Ancient Monuments

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Waterhead, two standing stones 800m ENE of

A Scheduled Monument in Bishopbriggs North and Campsie, East Dunbartonshire

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Latitude: 56.0294 / 56°1'45"N

Longitude: -4.1566 / 4°9'23"W

OS Eastings: 265707

OS Northings: 683932

OS Grid: NS657839

Mapcode National: GBR 13.S267

Mapcode Global: WH4PH.3QY4

Entry Name: Waterhead, two standing stones 800m ENE of

Scheduled Date: 4 November 1968

Last Amended: 10 December 2001

Source: Historic Environment Scotland

Source ID: SM2719

Schedule Class: Cultural

Category: Prehistoric ritual and funerary: standing stone

Location: Fintry

County: East Dunbartonshire

Electoral Ward: Bishopbriggs North and Campsie

Traditional County: Stirlingshire


The monument comprises the remains of two standing stones, ritual monuments dating from the later Neolithic or Bronze Age periods. The monument was originally scheduled in 1968 but the area covered by the designation was not properly defined. The current rescheduling rectifies this.

The standing stones lie at just over 260m OD on a small hill summit overlooking the valley of the River Carron to the N. The stones lie approximately 1.8m apart and form a NNE-SSW axis. The S stone is roughly slab-shaped, around 1.5m high and a maximum of 1.2m wide, tapering at the top and the base. The N stone is nearly recumbent, although packing stones around its base indicate that it was originally meant to stand upright. It is 1.8m long and roughly square in section measuring a maximum of 1m by 0.8m in width. Small cup markings have been recorded on the downward face of the leaning stone although it is not clear whether these are natural or man-made. Cists were also reported as being discovered in the general vicinity during explorations in the 19th century; disturbance during these excavations may account for the collapse of the northernmost stone.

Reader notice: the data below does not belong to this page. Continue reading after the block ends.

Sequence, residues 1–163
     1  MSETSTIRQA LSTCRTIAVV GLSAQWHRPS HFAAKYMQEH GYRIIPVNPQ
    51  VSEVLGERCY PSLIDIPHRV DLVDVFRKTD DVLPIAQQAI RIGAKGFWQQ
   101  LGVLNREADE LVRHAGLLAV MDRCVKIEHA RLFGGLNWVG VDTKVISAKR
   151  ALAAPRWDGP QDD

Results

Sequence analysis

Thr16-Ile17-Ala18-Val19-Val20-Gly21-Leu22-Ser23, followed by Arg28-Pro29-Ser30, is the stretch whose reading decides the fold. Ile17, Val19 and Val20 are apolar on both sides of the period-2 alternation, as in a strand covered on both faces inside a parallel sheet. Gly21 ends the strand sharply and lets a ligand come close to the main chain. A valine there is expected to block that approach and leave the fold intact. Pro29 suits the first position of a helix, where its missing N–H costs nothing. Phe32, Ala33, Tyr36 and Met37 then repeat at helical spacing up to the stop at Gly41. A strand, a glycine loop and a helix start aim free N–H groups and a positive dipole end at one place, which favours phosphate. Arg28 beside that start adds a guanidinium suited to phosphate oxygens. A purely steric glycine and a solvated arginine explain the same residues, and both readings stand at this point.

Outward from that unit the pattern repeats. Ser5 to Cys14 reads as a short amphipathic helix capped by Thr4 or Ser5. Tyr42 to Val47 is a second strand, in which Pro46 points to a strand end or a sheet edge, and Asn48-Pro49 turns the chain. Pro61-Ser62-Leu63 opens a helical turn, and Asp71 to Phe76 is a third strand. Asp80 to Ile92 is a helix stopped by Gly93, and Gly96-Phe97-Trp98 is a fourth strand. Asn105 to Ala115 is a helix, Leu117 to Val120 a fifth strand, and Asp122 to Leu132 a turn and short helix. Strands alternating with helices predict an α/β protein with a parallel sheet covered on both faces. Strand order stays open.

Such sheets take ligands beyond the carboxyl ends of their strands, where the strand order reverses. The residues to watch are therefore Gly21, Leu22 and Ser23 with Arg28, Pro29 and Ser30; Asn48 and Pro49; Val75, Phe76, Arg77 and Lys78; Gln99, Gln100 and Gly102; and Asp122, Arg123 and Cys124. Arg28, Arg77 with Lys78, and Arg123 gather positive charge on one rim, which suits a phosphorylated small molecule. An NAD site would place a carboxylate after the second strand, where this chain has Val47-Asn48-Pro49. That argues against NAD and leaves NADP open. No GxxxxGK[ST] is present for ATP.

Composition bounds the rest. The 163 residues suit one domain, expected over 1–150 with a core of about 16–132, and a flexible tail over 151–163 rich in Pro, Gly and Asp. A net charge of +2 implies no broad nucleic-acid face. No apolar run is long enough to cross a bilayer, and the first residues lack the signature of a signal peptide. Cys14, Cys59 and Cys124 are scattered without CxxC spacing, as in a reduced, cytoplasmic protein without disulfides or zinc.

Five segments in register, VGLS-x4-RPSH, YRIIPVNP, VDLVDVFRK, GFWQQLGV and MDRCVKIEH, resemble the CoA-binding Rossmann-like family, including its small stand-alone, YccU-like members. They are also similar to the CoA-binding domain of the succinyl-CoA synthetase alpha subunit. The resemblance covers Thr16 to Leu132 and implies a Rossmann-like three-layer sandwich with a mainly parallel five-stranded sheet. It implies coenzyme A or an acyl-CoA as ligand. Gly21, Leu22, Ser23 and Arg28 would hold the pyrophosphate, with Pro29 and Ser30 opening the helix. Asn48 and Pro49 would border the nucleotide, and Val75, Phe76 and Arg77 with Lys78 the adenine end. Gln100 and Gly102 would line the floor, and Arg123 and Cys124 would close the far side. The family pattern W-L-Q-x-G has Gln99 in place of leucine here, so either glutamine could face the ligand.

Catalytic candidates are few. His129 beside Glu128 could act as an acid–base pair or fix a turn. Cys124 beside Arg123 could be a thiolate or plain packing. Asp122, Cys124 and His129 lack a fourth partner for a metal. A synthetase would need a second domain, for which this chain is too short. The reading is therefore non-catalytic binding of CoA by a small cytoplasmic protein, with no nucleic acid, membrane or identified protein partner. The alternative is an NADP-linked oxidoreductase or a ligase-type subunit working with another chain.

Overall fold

The area to be scheduled is a circle 20m in diameter centred on the stones as shown in red on the accompanying map.

Source: Historic Environment Scotland

Statement of Scheduling

The monument is of national importance for its potential to enhance our knowledge of prehistoric ritual practice. The potential presence of related deposits such as cist burials further enhances the interest of this site.

Source: Historic Environment Scotland



The monument is recorded in the RCAHMS as NS 68 SE 1.

Source: Historic Environment Scotland

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